a few years back, i had an especially unprepared season.  we had just bought this house and i was swimming -- no, honestly, i was drowning -- in getting everything pulled together.  we had moved in at the end of october and we were up to our eyebrows in house projects.  and then came christmas.  it was a new house.  a bigger house.  and of course for me this translated into more to do.  more to decorate.  it also turned me into a nut --  and a not an especially fun nut at that.  i was wild.  crazy with the need to make it all happen.  to make it all magical.  we had also decided to host a big christmas gathering in our home that year (please don't ask what was wrong with us...we just did).  so you can imagine.  i made a million lists and spent too much money and was completely missing the true meaning.  i mean i kind of pretended i was doing the right things...thinking the right thoughts...but i wasn't.  i know i wasn't.  i was a hustling, bustling holiday disaster... a big old christmas time mess.  

after about four weeks of arduous labor, christmas eve arrived and off we went to our church for the traditional candlelight service.  the finish line was in sight and i was exhausted.  i sat there kind of glazed over as our pastor spoke, but nothing penetrated.  had i closed my eyes i am sure i would have started to snore.  the message ended and the the lights dimmed.  one by one,  over a thousand candles were lit.   and in this beautiful glow we began to sing silent night. 
silent night, holy night. all is calm, all is bright.  
and it was like someone had pulled the plug of my emotion.  the tears began to trickle down my cheeks.  i was so overwhelmed in the true beauty of it all for a minute, i was worried i might start sobbing and hiccuping and doing what i call my "ugly cry."  i did finally pull myself together, but not before i felt the wave -- tidal wave -- of shame slam over me.  i thought about all the hurrying and the hustling and the snapping and the fretting i had been doing for the past month or so.  i was ashamed.  but as the song continued, i was reminded of God's grace.  if nothing else, the birth of Christ reminds us of God's incredible, incredible grace.  and i knew it was not too late.  i had messed up the past month, but it was christmas eve and we were singing silent night and it seemed for those few minutes almost holy.   

i learned my lesson that year.  and in the years since, i've been much better behaved. but i still need to be reminded come that first week of christmas. these brown ornaments at the place settings of my family aren't the answer.  but maybe they will serve as another reminder.  just a simple reminder to remember we are celebrating the birth of our king. it won't be perfect. but i want to be prepared.  i want to be seeking not hustle and hurry, but holy.  to desire not a perfect home, but a prepared heart.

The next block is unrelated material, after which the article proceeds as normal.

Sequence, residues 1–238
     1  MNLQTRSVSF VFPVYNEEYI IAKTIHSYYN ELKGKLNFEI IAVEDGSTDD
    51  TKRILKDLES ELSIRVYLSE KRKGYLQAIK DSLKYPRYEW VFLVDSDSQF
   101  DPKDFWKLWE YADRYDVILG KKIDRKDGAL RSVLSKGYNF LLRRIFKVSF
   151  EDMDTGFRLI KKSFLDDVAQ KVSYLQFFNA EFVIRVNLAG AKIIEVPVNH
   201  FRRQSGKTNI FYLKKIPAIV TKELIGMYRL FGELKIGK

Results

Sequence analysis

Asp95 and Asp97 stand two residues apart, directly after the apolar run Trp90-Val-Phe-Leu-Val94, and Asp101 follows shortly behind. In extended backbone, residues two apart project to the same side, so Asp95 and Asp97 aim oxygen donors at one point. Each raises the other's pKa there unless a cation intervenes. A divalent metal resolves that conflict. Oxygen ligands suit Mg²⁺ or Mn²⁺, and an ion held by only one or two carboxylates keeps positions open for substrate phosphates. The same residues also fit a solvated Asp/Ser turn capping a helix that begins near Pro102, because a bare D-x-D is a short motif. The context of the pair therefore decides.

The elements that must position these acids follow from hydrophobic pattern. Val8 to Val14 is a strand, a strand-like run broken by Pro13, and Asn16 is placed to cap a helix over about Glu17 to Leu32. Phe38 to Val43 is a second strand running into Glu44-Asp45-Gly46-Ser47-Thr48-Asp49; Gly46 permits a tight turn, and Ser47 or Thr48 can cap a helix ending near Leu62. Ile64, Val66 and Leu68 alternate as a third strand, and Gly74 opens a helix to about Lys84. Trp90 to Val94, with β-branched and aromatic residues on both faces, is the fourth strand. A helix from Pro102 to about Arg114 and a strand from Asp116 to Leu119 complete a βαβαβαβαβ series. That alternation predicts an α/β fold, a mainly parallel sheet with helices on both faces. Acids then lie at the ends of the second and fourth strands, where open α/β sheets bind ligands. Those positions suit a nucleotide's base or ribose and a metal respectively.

this morning, in church, our pastor quoted the following: 

"the act of offering thank offerings to God ---even for the bread 
and cup of cost, for cancer and crucifixion--this prepares the 
way for God to show us His fullest salvation from bitter, angry, 
resentful lives and from all sin that estranges us from Him.
        .... thanksgiving--giving thanks in everything--is what prepares 
the way for salvation's whole restoration."  ~ ann voskamp  one thousand gifts

thanksgiving has come and gone, but as we move into the christmas season, i hope you hold it tight in your heart. it is no accident we give thanks before we are given gifts.  fill up on joy.  celebrate gratitude.  give thanks.  gain joy. and as you prepare your home, my prayer is,  you'll prepare your heart for the birth of a king. The King.  and see all that is holy.

1 comment:

Aus said...

Morning Jody - yeah - it's never to late to 'start' - the pity is if you fail to start!!

As for the 'Christmas Story' - yeah - loosing sight of the reason - Jesus - happens to us. But then we get our 'eyes right' - and He's there....He's smart like that!!

hugs - Blessed and Happy times!!

aus and co,